Nanga nowhere, Jeremy, Too much Tuak.
Trip Start Dec 12, 2012
20Trip End Jan 03, 2013
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Where I stayed
Nanga Ngemah Longhouse
Standing at the front of Lime Tree our tour can hasn’t
arrived yet…I joke with J-she that it will never arrive, we’ll go back to
OooHaa tour office and it will be stripped bare. No tour guides in sight.
3 minutes later a van turns up driven by Mr. Mawi, our tour
guide for the next 3 days. Inside a are a quietly spoken young American, Mike, and his
Canadian/Taiwanese girlfriend, Mary. They seem awkward? Relaxed? Shy? We aren’t sure.
It makes me quickly reflect on how outgoing and forthright us Aussies are
Stop at Semenggoh for our first Orangutan search, one of the
primary reasons we came to Sarawak. The tour groups, about 40 people in all, are advised by the rangers to be quiet, not to use camera flash and to listen to their orders in case there is any serious monkey trouble. Most of them don’t listen cause they’re too busy chatting amongst
On the photo wall there are named oranguratings, one of them is called Ritchie, well of course. What a great name for a cheeky big monkey. Maybe my mother knew something after all?
No sooner do we enter the trail to the feeding area, the tour groups are (still) making noise, taking mobile calls and photos with flash. I’m feeling very annoyed.
We get to the feeding area and the ranger calls to the Orangutangs, there is muttering among the crowd. He calls again a few times over the next few minutes and…..nothing
I’m scanning the treetops seeking the elusive beast and I spy some rustling ! Ohh, squirrel. Poo.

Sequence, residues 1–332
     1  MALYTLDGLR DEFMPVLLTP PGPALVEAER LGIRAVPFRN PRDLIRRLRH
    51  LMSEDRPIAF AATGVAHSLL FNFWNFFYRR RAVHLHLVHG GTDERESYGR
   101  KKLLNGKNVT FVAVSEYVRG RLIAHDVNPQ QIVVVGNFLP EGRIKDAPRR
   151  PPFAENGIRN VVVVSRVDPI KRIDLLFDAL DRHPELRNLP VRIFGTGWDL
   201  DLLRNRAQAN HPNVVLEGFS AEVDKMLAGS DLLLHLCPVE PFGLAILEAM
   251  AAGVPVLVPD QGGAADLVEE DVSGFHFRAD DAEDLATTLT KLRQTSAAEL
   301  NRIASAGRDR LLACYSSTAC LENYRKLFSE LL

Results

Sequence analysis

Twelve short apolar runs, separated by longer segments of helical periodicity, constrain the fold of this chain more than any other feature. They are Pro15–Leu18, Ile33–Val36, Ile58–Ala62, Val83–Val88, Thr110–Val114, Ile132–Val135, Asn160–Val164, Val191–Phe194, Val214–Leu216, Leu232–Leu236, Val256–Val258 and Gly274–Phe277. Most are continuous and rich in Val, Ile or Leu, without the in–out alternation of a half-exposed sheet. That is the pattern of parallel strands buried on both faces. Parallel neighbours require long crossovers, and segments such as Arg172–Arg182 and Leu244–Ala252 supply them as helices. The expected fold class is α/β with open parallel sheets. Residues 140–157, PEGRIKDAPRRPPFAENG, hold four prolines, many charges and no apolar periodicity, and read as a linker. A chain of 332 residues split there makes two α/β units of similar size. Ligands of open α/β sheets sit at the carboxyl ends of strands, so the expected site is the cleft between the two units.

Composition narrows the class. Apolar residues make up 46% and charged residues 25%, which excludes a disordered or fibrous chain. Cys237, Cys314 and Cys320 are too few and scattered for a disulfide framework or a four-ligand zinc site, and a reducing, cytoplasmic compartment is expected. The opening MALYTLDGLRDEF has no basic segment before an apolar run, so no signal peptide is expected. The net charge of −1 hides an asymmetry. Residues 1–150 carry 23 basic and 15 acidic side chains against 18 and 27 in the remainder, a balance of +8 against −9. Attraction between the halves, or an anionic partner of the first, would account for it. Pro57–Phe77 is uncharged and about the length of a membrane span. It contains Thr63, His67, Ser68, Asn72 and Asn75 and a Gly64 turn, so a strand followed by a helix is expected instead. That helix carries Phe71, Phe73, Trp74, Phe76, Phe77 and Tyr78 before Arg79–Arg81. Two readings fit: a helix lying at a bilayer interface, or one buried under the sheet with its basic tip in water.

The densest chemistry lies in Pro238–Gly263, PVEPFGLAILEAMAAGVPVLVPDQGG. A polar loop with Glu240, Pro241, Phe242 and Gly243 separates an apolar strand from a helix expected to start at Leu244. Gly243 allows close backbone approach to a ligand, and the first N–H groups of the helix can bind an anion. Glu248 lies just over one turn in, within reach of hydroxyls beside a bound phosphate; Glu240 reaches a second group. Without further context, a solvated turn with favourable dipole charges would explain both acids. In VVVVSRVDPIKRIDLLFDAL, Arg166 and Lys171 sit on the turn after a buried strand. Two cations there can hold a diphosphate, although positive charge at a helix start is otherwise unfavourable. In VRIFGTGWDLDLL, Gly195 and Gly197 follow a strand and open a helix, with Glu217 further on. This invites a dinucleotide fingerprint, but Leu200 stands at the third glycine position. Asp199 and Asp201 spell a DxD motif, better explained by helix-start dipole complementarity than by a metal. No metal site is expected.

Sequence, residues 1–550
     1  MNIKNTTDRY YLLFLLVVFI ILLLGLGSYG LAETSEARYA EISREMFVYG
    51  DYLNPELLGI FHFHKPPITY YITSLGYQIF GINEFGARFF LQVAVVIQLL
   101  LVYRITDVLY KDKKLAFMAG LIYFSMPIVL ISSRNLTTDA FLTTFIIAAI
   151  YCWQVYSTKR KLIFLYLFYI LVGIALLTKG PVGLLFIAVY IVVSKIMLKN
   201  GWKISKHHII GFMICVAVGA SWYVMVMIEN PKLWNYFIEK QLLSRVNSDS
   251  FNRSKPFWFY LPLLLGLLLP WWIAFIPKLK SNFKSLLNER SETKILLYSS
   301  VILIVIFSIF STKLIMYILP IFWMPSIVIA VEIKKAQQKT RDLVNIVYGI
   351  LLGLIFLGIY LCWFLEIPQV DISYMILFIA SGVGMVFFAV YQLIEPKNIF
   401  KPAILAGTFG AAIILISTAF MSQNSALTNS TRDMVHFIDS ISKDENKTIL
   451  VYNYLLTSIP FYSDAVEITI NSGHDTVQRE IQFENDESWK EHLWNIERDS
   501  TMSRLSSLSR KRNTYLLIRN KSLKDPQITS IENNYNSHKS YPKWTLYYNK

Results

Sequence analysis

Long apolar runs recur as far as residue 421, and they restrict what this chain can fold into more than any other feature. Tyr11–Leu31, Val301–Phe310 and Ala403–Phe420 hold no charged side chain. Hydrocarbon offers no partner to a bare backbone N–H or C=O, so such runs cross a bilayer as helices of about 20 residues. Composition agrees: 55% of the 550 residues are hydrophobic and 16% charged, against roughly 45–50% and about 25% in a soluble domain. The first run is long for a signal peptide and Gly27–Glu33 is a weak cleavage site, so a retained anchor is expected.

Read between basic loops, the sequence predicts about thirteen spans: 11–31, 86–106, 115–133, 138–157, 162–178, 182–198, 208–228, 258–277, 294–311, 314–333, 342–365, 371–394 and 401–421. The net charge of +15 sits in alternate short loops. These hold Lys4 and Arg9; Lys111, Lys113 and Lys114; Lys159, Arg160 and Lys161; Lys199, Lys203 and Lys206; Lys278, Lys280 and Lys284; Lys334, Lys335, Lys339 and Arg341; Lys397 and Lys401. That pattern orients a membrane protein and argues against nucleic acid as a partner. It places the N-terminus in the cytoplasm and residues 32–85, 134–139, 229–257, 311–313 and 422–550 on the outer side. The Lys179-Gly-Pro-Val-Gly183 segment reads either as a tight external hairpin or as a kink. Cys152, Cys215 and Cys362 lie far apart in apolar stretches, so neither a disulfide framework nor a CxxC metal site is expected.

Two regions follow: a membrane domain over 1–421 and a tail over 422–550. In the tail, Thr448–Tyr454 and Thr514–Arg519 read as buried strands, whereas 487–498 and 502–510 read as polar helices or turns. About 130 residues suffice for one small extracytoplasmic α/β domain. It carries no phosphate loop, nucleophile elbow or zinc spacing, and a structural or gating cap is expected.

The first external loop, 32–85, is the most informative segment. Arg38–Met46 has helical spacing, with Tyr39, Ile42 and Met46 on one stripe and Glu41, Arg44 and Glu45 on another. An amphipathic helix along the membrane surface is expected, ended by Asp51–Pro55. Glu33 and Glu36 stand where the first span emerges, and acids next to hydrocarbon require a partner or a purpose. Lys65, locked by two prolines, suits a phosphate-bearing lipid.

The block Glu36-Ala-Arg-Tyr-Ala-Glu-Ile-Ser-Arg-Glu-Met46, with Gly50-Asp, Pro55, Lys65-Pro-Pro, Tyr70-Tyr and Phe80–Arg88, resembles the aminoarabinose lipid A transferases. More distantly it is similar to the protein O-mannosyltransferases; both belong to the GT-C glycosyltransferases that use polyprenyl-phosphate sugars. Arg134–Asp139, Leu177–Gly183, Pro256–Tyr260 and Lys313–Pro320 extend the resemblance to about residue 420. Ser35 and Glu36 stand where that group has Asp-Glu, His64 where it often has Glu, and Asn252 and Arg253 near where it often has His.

It’s been about 5 minutes and the crowd are now chatting and joking freely amongst themselves, as if orangutangs should be wearing watches and show up on time...how dare these wild creatures not adhere to the agreed schedule. So who are the real monkeys? I think to myself watching the restless crowd.
Alas, we are Pongo-less. Not today. There’s plenty of Durian and other fruit in the forest for them to eat during this season so they are not so inclined to come in for a feed.
Off up the road, the usual market stop in Serian and then to the ‘you must buy gifts’ stand at a row of shops in a dusty little town. So we wander off to scan the other shops. Ohno, not only must you buy gifts, you must buy gifts from this shop only. What? Noone told us about this 'traditional' requirement. Ah well
We buy 37 gifts each, one for each family, and a few extra snacks and things. “How much?” “1 Ringitt”. OK. How much for this little packet? “1 Ringitt.” Oh, ok. And this? 1 Ringitt. And this tiny little snack packet here with 6 dried plums in it? 1 Ringitt. A little too conveniently, everything was 1 Ringgit (or more) it seemed. This guy was really good at rounding up to the nearest whole
dollar. Maybe he's not too good with arithmetic.